HOW THE VFW ADVOCATES FOR VETERANS IN WASHINGTON, D.C.
Do you ever wonder what the VFW’s office on Capitol Hill does to help our veterans? In the last year alone, VFW’s advocacy efforts in Washington have improved consumer resources for college-bound veterans; preserved military quality-of-life programs like tuition assistance; repealed the back-door dealings to cut military retiree benefits; and reinstated a responsible Stolen Valor law. So why is the VFW’s voice so strong on Capitol Hill? It’s because the VFW enlists the help of a strong network of volunteer veterans’ advocates all across the country called the VFW Action Corps.
The VFW Action Corps is made up of VFW members just like you, who stand ready to call on Congress to do the right thing for our veterans. During the fight to reinstate military retirement benefits, the VFW Action Corps was responsible for more than 30,000 advocacy emails and countless phone calls to every Congressional office on Capitol Hill. One Congressman was so inundated with phone calls from the VFW alone that he called the Washington office personally, asking how he could make it stop. This kind of relentless grassroots advocacy is what gives the VFW the clout to testify before Congress on key veterans’ issues; to flood Capitol Hill twice a year to hand-deliver the VFW’s priorities to every member of Congress; and most importantly, to pass responsible legislation that improves the lives of veterans, like the Post-9/11 GI Bill, the VOW to Hire Heroes Act, or the VA Family Caregiver Act.
But we can do more. Did you know that today only 37,000 of the VFW’s 1.4 million members are signed up for the VFW Action Corps? Imagine what we could do to help our fellow veterans with the full force of the VFW membership!
If you are not yet signed up as a member of the VFW Action Corps, add your name to our rolls and help us hold Congress accountable. It’s free, and it’s just another way that you, as a VFW member, help to better serve our nation’s veterans. If you’re already a member of the VFW Action Corps, tell your friends to join. It’s open to anyone who cares about veterans or veterans’ issues.
As a member of the VFW Action Corps, you will receive our Washington Weekly electronic newsletter every Friday, highlighting our work on Capitol Hill. You will also receive regular VFW Action Alerts, informing you of key issues and key votes in Congress, and guiding you step-by-step in how you can make a difference.
Learn more about the VFW Action Corps at http://www.vfw.org/VFW-in-DC/Action-Corps/.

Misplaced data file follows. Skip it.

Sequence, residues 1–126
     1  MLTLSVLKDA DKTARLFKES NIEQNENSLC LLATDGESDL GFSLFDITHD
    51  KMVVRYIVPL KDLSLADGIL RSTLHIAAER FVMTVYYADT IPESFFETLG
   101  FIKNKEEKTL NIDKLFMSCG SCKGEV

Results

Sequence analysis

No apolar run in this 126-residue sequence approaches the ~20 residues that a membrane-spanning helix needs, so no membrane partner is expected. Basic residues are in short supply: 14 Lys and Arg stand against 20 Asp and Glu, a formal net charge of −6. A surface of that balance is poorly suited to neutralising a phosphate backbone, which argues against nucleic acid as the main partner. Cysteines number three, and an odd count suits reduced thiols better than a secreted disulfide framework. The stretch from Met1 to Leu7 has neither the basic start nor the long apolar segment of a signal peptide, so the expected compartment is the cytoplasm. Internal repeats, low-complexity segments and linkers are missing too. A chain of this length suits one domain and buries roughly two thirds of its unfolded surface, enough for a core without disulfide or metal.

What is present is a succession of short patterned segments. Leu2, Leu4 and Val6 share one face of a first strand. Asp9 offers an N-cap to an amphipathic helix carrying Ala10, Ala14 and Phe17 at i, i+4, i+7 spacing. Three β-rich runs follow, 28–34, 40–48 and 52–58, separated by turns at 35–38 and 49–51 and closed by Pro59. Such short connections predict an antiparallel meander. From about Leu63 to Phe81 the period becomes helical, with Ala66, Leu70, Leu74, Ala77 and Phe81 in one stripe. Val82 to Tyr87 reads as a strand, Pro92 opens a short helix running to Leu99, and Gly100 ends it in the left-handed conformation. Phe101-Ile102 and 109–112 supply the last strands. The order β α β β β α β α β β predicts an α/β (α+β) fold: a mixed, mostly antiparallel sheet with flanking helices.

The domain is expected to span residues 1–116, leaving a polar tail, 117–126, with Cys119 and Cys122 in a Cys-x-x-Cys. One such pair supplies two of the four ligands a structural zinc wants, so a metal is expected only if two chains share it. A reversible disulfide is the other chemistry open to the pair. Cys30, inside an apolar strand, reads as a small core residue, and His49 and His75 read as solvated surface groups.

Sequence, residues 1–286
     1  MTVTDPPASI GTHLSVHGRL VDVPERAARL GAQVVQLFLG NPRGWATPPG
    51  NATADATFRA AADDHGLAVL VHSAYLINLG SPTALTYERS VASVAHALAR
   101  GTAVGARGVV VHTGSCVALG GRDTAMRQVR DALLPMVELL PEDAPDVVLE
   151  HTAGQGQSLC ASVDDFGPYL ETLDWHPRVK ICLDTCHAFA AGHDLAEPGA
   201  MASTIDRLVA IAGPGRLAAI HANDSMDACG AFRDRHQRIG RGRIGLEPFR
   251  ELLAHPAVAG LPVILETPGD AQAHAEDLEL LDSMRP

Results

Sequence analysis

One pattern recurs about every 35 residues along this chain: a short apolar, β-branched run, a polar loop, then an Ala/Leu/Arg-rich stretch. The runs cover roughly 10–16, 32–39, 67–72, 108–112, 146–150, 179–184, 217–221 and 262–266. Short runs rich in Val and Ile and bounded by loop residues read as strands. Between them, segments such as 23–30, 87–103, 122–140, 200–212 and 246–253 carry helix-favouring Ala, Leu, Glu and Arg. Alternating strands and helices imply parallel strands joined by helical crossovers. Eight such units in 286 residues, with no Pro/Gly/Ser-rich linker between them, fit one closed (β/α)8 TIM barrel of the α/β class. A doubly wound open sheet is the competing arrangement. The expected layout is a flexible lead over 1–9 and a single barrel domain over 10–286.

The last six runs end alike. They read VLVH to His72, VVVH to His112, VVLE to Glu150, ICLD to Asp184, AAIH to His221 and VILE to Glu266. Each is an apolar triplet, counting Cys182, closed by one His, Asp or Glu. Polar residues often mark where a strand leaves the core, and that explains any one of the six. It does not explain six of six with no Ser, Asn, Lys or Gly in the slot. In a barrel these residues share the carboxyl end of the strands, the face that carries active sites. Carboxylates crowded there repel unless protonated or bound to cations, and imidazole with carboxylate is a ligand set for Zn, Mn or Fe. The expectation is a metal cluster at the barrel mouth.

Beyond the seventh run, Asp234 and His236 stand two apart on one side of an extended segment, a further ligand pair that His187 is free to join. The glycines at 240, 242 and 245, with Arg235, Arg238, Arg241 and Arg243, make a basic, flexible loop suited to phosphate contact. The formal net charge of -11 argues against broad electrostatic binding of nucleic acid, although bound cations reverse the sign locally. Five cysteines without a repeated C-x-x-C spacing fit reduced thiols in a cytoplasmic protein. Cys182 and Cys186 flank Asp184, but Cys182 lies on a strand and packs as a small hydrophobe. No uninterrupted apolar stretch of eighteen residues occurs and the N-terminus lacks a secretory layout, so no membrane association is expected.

To join the VFW Action Corps today, click here: http://capwiz.com/vfw/mlm/signup.htm
VFW to flood newspaper with good news stories
WASHINGTON (April 17, 2014) – In response to an opinion editorial published this week in the New York Times, the national commander of the Veterans of Foreign Wars of the United States is asking the 1.9 million members of the VFW and its Auxiliaries to e-mail the newspaper with their good news stories.
The editorial published Tuesday was written by a young university academic who used accused triple murderer Frazier Glenn Miller as the focus of her piece, entitled Veterans and White Supremacy. The author, Kathleen Belew, earned a bachelor’s degree in 2005 from the University of Washington, and then two masters and a Ph.D. from Yale. She is now a Postdoctoral Fellow in the History Department of Northwestern University, and is also writing a book about Vietnam veterans and the radical right.
“The First Amendment protects the free speech and expression rights of this young author, and the rights of the New York Times to publish it, but it also protects my right to disagree with the message,” said William A. Thien, the VFW’s national commander and a Vietnam veteran from Georgetown, Ind.
“The ‘crazy Vietnam veteran’ label isn’t talked about much these days, yet despite 40 years of moving on with our lives and successfully reintegrating into our communities, we all know the potential is just another headline away,” he said.
“The shooting on Sunday in Overland Park, Kan., was as senseless as it is tragic, but we cannot allow political pundits, the media or our academicians to use the failings of one to once again paint all of us as damaged goods,” he said. “That is why I am asking everyone to their personal comments directly to the New York Times, but in a positive manner, such as ‘I am a proud Vietnam veteran who came home from war, went to work, raised a family, and continues to help give back to my community and country. I am not damaged goods.’
“Let them hear our voices by writing today to firstname.lastname@example.org.”
In honor of our nation’s heroes, the VFW is working with Tractor Supply Company (TSC) to make this year’s “A Saturday Salute” a fun, nationwide, community event. TSC is offering up their locations for the VFW to host onsite events--from BBQ’s to memorial events--on May 24. Check with your Post to see if they’ve reached out to your local TSC to set up an event.
The Veterans of Foreign Wars of the U.S. is a nonprofit veterans' service organization composed of combat veterans as well as active-duty, Guard and Reservists who continue to serve in harm's way. Founded in 1899 and chartered by Congress in 1936, the VFW is the nation's largest organization of war veterans and its oldest major veterans' organization. With 2 million members located in almost 7,600 VFW Posts worldwide, the VFW and its Auxiliaries are dedicated to "honor the dead by helping the living" through veterans service, community service, legislative advocacy and national military service programs. For more information or to join, visit our website at www.vfw.org.